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Females With Severe or Moderate Hemophilia A or B: an International Multi-center Study

This study has been completed.
University Hospital, Bonn
Information provided by (Responsible Party):
Weill Medical College of Cornell University Identifier:
First received: July 9, 2009
Last updated: December 6, 2012
Last verified: December 2012
This is a multi-center, international study designed to collect clinical, genetic and quality of life information on females with hemophilia, an inherited bleeding disorder. The study is designed to determine whether there are problems and issues unique to females with hemophilia.

Hemophilia A
Hemophilia B

Study Type: Observational
Study Design: Observational Model: Cohort
Time Perspective: Retrospective
Official Title: Females With Severe or Moderate Hemophilia A or B: an International Multi-center Study

Resource links provided by NLM:

Further study details as provided by Weill Medical College of Cornell University:

Primary Outcome Measures:
  • The molecular and cytogenetic etiology of the condition will be compiled. Clinical manifestation demonstrated by the female hemophiliacs will be compared to published data available. Genotype and phenotype will be correlated. [ Time Frame: 1-2 visits ]

Enrollment: 200
Study Start Date: March 2008
Study Completion Date: August 2011
Primary Completion Date: August 2011 (Final data collection date for primary outcome measure)
Females with Hemophilia
Females with severe or moderate Hemophilia A or B
Control group
Male subjects with severe Hemophilia A or B and female subjects with mild (20-60%) Hemophilia A or B.

Detailed Description:
The study involves two questionnaires: one on the diagnosis, symptoms, complications and treatment of each participant to be completed by a staff member; the other is a questionnaire to be completed by the participant on how the disease has affected her life. Finally, for those participants who have not previously had genetic testing, the third part of the study is an optional blood test to determine the genetic cause, what change in the factor VIII or factor IX gene, caused the hemophilia. The test results will be available to those participants who wish to learn their results. With the data we collect we will compile a database to examine the connection between the genetic cause of hemophilia and the course and symptoms of the disease.

Ages Eligible for Study:   Child, Adult, Senior
Sexes Eligible for Study:   Female
Accepts Healthy Volunteers:   No
Sampling Method:   Non-Probability Sample
Study Population
Females with severe or moderate Hemophilia A (less than or equal to 5%) Females with severe or moderate Hemophilia B (less than or equal to 5%)

Inclusion Criteria:

  • Females with severe (FVIII<0.01u/ml) or moderate (FVIII 0.01≤0.05 u/ml) hemophilia A
  • Females with severe (FIX<0.01u/ml) or moderate (FIX 0.01≤0.05u/ml) hemophilia B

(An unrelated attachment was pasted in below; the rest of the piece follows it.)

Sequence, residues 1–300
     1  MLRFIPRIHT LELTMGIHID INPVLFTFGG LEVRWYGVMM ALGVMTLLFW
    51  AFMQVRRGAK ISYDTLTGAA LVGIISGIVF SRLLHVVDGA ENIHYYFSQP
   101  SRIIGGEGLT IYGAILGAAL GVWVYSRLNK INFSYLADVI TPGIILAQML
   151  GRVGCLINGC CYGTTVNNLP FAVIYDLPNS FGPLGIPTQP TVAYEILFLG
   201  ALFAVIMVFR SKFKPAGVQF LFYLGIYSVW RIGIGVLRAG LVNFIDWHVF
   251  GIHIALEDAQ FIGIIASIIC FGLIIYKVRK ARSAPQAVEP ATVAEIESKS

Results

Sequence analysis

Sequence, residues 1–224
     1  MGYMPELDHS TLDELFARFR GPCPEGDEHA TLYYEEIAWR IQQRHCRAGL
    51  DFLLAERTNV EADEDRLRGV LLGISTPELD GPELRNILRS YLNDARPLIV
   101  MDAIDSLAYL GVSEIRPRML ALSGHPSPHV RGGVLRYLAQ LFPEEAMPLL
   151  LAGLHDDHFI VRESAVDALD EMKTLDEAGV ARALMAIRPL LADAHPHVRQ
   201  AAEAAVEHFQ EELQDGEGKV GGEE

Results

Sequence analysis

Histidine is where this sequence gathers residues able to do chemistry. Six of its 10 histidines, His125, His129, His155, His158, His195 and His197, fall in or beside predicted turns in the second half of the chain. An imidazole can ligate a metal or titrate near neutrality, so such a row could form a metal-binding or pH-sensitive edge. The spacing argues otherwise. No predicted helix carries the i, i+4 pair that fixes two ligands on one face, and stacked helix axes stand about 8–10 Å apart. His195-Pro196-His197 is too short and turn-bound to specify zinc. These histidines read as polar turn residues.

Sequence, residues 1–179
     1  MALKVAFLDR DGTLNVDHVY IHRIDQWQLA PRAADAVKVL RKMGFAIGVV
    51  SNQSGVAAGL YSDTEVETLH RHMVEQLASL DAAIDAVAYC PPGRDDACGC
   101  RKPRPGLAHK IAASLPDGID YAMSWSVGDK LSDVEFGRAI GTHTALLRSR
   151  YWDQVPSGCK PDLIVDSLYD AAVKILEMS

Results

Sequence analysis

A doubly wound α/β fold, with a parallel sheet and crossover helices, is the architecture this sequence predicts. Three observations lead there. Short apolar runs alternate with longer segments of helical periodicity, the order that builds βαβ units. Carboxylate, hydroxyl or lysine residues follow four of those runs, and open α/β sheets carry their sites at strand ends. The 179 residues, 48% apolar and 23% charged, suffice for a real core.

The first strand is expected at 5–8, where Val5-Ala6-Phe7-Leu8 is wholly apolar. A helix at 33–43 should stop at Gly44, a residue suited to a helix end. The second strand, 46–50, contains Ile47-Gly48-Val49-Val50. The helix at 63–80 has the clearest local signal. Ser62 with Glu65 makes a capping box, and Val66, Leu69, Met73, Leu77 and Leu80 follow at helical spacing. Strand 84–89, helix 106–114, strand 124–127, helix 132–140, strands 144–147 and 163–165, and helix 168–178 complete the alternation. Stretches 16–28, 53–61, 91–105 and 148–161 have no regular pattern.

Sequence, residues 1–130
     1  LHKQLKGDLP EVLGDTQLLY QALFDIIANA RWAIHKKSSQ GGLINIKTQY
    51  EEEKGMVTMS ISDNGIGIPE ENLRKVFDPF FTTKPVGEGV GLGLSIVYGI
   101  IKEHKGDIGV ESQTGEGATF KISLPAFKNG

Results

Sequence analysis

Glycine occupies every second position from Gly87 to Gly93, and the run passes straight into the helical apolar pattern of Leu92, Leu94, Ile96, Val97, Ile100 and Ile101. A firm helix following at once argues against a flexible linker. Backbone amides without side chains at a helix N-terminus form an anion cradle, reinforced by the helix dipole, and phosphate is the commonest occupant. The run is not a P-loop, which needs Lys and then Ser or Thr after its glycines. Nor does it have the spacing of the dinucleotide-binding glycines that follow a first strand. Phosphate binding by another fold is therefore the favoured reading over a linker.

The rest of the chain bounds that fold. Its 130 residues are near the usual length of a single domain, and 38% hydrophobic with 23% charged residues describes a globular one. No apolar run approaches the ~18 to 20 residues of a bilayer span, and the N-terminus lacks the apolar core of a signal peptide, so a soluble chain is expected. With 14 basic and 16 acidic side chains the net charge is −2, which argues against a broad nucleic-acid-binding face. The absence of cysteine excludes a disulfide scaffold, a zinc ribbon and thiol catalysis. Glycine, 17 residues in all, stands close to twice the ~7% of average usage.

• Willingness to participate in the study.

Exclusion Criteria:

  • Subjects who do not meet the inclusion criteria with respect to gender or hemophilia severity.
  Contacts and Locations
Choosing to participate in a study is an important personal decision. Talk with your doctor and family members or friends about deciding to join a study. To learn more about this study, you or your doctor may contact the study research staff using the Contacts provided below. For general information, see Learn About Clinical Studies.

Please refer to this study by its identifier: NCT00936312

United States, New York
Weill Cornell Medical College
New York, New York, United States, 10065
Princess Margaret Hospital for Children
Perth, Australia
University Clinic Bonn
Bonn, Germany
University Clinic Munich
Munich, Germany
Sheba Medical Center
Tel Hashomer, Israel
Instituto G. Gaslini
Genova, Italy
A. Bianchi Bonomi Hemophilia Center
Milan, Italy
Nara Medical University
Nara, Japan
University Hospital Utrecht
Utrecht, Netherlands
Malmo University Hospital
Malmo, Sweden
Changhua Christian Hospital
Chunghua City, Changhua, Taiwan
Sponsors and Collaborators
Weill Medical College of Cornell University
University Hospital, Bonn
Principal Investigator: William B Mitchell, MD Weill Medical College of Cornell University
  More Information

Responsible Party: Weill Medical College of Cornell University Identifier: NCT00936312     History of Changes
Other Study ID Numbers: Intl Female Hemophilia Study
Study First Received: July 9, 2009
Last Updated: December 6, 2012

Additional relevant MeSH terms:
Hemophilia A
Hemophilia B
Blood Coagulation Disorders, Inherited
Blood Coagulation Disorders
Hematologic Diseases
Coagulation Protein Disorders
Hemorrhagic Disorders
Genetic Diseases, Inborn
Genetic Diseases, X-Linked
Factor VIII
Coagulants processed this record on May 25, 2017